Orcas’ Chamber Music Fest illustrated by George Shangrow in Music Lovers’ Seminars

  • Wed Aug 13th, 2008 11:00pm
  • Life

George Shangrow

Last year’s inaugural Music Lovers Seminars with George Shangrow brought familiarity and heightened pleasure to the classics of chamber music as performed during the Orcas Island Chamber Music Festival (OICMF). This year, OICMF brings Shangrow back for another series of seminars, each taking place over two days, to familiarize concert-goers with the pleasures of the four major concerts during the 11th annual Music Festival. The lectures are a component of the OICMF’s IM: In Music year-round education program.

Chamber music is the term used to describe music that is played, not in a stadium or even a symphonic concert hall for audiences of thousands, but in a room, or chamber, often just for the pleasure of the performing musicians. The chamber musicians are rarely directed by a conductor, but rely on each other to bring out the expression of the composers’ music. At the OICMF, “intimate” audiences of several hundred can listen to the delights of that the Orcas Center “chamber” offers.

Whether the audience’s listening style is an immersion into the entire flood of the music, analysis and recognition of the structure, or comprehension of the “story” behind the composition, Shangrow’s Music Lover lectures are chock full of explanations and anecdotes that will enhance the pleasure of the performance for experienced chamber music lovers and neophytes alike.

This year’s Music Lovers schedule is as follows:

First Night! Music Lovers’ Seminar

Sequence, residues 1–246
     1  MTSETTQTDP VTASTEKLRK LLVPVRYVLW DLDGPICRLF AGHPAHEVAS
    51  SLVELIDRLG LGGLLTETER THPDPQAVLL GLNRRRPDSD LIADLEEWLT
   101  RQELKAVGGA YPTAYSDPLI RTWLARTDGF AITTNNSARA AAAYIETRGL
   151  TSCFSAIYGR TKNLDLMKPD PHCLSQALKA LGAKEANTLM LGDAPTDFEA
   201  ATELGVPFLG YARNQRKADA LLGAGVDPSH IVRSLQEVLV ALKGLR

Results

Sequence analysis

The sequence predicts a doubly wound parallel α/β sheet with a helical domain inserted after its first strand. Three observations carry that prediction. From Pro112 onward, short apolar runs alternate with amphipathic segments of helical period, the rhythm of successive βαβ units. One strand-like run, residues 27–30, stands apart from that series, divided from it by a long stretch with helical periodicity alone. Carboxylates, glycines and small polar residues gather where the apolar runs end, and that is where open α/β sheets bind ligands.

Monday Aug. 18 and Tuesday Aug. 19

10 a.m. to noon, St. Francis Catholic Church

Sponsor Margrit Englehartson

Kaleidoscope Music Lovers’ Seminar

Thursday Aug. 21 and Friday Aug. 22

10 a.m. to noon, St. Francis Catholic Church

Sponsor Catherine Pederson

Orcas~trations: Parker and the Miro Music Lovers’ Seminar

Monday Aug. 25 and Tuesday Aug. 26

10 a.m. to noon, St. Francis Catholic Church

Sponsors Trisha and Jonathan Loop

Fantasy and Finale! Music Lovers’ Seminar

Thursday, Aug. 28 and Friday Aug. 29

10 a.m. to noon, St. Francis Catholic Church

Sponsors Karen and Lee Hedge

Shangrow is a renowned Conductor and Music Director who founded the Seattle Chamber Singers in 1969 and Orchestra Seattle (formerly the Broadway Symphony) in 1979. A University of Washington graduate, Shangrow began his professional conducting career at age 18 and has concentrated his musical efforts with Orchestra Seattle and the Seattle Chamber Singers. He has appeared as guest conductor with many Northwest orchestras and symphonies and the Sapporo (Japan) Symphony. He has conducted world premieres of operas, orchestral, and choral works. As an educator, he has taught music history, theory, and composition at Seattle University, Seattle Community College, and Seattle Conservatory of Music. Shangrow also performs as pianist and harpsichordist in partnership with flutist Jeffrey Cohan as the Cohan-Shangrow Duo and has toured Europe as a keyboardist and a conductor. Formerly, Shangrow was an announcer and host of the Live! By George radio program on Classical KING-FM.

Earlier this year, Shangrow gave a preview of this year’s Chamber Music Festival program and of the Music Lovers’ Series. He characterized OICMF Artistic Director Aloysia Friedmann’s 2008 program choices as “a fascinating season program – a little further out of the box than programs in the recent past.”

Shangrow outlined some of the genres of chamber music and their interpretations by composers over the past three centuries, such as the sonata form, trios, concertos, and the formidable String Quartets — “Finally we get to the real chamber music” says Shangrow.

Aloysia Friedmann has said that string quartets are “probably one of the hardest combinations of instruments to blend together, both tonally and stylistically.”

“With string instruments only, it is much harder to create a unified overall sound. The way the instruments work together requires art and experience,” said Friedmann.